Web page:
Based on old texts that mention what are very likely ancient ruins, and Gallo-Roman archaeological discoveries, we can say with certainty that the Butte Montmartre was occupied starting in Antiquity. The topography (a high spot, and the presence of a spring) as well as the toponym (Mont de Mercure or Mont de Mars) could lead one to identify it as a Gallic place of worship. However, there is no proof of a religious function during this period, although one did appear after the Roman conquest. This is attested to by the 19th century discovery of the foundations of a Roman temple.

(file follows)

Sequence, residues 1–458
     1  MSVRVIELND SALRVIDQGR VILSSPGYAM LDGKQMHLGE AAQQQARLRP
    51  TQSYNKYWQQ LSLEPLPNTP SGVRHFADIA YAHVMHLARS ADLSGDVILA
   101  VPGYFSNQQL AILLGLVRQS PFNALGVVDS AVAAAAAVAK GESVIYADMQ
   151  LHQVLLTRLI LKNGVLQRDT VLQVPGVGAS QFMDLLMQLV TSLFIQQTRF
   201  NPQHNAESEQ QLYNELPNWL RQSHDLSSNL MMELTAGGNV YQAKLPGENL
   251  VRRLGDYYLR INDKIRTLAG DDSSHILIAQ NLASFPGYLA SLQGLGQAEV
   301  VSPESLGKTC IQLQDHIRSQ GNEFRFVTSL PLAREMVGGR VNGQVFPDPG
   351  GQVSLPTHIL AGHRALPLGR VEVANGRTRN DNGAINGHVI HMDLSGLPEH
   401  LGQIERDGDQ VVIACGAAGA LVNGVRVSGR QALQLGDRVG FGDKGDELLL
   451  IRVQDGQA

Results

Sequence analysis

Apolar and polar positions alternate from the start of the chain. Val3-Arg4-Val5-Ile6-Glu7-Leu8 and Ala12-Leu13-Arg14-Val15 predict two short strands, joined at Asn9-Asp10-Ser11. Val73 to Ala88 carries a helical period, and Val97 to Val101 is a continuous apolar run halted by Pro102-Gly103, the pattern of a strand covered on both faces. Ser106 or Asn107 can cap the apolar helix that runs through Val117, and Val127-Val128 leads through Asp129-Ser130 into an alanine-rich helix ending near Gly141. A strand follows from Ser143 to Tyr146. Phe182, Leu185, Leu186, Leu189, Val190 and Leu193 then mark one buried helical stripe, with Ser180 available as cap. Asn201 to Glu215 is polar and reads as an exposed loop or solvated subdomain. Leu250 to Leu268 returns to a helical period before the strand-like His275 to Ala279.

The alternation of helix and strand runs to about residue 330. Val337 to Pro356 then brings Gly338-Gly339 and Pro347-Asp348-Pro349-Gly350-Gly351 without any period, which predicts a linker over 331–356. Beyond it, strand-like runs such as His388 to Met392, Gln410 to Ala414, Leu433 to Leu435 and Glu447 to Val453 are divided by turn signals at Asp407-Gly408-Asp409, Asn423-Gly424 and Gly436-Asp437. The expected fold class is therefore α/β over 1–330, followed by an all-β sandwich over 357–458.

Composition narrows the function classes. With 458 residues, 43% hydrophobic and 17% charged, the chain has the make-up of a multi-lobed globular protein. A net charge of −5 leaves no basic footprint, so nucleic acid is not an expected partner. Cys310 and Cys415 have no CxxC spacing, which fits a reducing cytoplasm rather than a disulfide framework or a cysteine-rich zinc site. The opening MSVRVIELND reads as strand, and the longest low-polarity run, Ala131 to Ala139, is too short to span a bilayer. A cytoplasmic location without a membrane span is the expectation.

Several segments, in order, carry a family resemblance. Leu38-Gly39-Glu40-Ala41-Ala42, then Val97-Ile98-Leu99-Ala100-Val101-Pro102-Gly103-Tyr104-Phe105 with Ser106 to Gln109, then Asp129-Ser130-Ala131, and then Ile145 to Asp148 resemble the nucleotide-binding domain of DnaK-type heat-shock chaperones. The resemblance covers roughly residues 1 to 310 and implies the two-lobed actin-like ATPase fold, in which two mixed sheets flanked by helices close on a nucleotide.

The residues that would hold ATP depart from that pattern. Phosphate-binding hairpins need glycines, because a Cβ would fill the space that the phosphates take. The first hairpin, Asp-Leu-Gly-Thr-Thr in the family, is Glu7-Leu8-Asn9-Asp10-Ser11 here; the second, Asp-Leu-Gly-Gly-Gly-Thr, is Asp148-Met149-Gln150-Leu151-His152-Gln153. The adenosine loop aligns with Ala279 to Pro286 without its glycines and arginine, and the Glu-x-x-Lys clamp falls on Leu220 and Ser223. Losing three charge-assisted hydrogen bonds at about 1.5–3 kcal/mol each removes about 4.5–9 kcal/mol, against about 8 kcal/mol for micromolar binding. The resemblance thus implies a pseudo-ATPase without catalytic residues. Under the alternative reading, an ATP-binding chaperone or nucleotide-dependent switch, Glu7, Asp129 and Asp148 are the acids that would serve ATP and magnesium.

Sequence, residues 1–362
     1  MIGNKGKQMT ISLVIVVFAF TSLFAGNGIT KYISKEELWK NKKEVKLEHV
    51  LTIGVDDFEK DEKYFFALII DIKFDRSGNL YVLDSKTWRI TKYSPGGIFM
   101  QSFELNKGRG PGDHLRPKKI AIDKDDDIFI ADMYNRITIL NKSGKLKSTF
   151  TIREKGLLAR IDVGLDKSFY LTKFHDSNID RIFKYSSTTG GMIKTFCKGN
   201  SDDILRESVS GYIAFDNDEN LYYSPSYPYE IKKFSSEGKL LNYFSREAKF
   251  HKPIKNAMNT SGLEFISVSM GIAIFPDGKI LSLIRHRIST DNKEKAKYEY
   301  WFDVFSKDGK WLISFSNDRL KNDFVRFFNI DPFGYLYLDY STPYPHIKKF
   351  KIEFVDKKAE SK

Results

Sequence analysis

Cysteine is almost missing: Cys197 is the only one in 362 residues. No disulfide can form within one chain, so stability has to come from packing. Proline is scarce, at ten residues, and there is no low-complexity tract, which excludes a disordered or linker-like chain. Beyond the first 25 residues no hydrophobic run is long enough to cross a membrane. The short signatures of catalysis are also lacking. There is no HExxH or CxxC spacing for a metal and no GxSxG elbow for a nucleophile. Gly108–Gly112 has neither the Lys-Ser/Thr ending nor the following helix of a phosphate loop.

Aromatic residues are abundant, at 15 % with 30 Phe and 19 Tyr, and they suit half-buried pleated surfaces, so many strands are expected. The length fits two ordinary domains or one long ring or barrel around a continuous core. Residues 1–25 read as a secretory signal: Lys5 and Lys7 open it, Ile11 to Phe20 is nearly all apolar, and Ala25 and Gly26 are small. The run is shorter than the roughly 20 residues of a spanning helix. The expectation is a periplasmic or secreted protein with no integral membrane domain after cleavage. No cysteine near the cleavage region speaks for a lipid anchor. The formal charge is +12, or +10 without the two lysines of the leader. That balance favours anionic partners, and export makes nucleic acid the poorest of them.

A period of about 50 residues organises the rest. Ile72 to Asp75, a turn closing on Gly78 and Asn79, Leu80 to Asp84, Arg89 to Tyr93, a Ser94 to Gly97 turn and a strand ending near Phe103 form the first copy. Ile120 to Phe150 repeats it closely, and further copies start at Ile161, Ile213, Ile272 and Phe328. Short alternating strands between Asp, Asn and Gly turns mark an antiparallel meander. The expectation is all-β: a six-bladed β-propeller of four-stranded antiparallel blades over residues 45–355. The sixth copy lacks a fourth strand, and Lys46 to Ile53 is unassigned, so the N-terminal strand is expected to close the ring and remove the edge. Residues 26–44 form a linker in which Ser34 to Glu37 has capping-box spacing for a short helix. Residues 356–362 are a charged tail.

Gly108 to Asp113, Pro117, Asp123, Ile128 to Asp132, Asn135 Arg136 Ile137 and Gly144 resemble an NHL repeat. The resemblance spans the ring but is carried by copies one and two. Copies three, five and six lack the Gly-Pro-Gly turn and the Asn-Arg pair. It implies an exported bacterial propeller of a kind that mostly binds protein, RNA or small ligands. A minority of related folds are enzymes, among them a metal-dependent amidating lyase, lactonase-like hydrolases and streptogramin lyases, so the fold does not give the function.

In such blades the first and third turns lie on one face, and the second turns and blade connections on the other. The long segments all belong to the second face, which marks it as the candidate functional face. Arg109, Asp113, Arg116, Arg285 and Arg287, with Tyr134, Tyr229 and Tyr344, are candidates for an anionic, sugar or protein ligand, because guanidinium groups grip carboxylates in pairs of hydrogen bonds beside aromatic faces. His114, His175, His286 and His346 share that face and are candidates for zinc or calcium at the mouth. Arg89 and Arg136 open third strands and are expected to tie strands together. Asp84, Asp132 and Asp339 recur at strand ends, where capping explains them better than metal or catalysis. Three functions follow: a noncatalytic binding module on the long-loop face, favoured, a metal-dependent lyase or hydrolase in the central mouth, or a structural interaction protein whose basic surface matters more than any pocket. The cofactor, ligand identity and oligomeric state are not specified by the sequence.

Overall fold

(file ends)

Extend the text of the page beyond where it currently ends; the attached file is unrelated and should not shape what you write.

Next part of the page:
The exact location of this temple has been lost, but it was probably situated near the Moulin de la Galette and was, according to local scholarly tradition, dedicated to Mars. Another temple dedicated to Mercury was located near Sacré-Coeur and the Montmartre church.
The existence of a bathing establishment equipped with a hypocaust, at the present-day Lamarck Caulincourt intersection, has been well documented. Its proximity to the hill's water source, whose water it used, leads one to think that this was a sanctuary dedicated to a local water god.
Church tradition places the martyrdom of Saint Denis-the supposed first bishop of Paris, but about whom we know nothing-on the Butte. This, and the transformation of the name Mont de Mars (or Mercure) into Mont des Martrys, could indicate the Church's desire to Christianise what had been a pagan place of worship.